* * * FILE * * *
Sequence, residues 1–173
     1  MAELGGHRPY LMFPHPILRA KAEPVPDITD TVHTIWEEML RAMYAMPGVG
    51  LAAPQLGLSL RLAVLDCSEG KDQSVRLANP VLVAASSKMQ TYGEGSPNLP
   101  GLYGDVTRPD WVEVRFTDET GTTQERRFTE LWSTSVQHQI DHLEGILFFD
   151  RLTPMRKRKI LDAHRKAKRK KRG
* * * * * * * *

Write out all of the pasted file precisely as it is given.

Sequence, residues 1–173
     1  MAELGGHRPY LMFPHPILRA KAEPVPDITD TVHTIWEEML RAMYAMPGVG
    51  LAAPQLGLSL RLAVLDCSEG KDQSVRLANP VLVAASSKMQ TYGEGSPNLP
   101  GLYGDVTRPD WVEVRFTDET GTTQERRFTE LWSTSVQHQI DHLEGILFFD
   151  RLTPMRKRKI LDAHRKAKRK KRG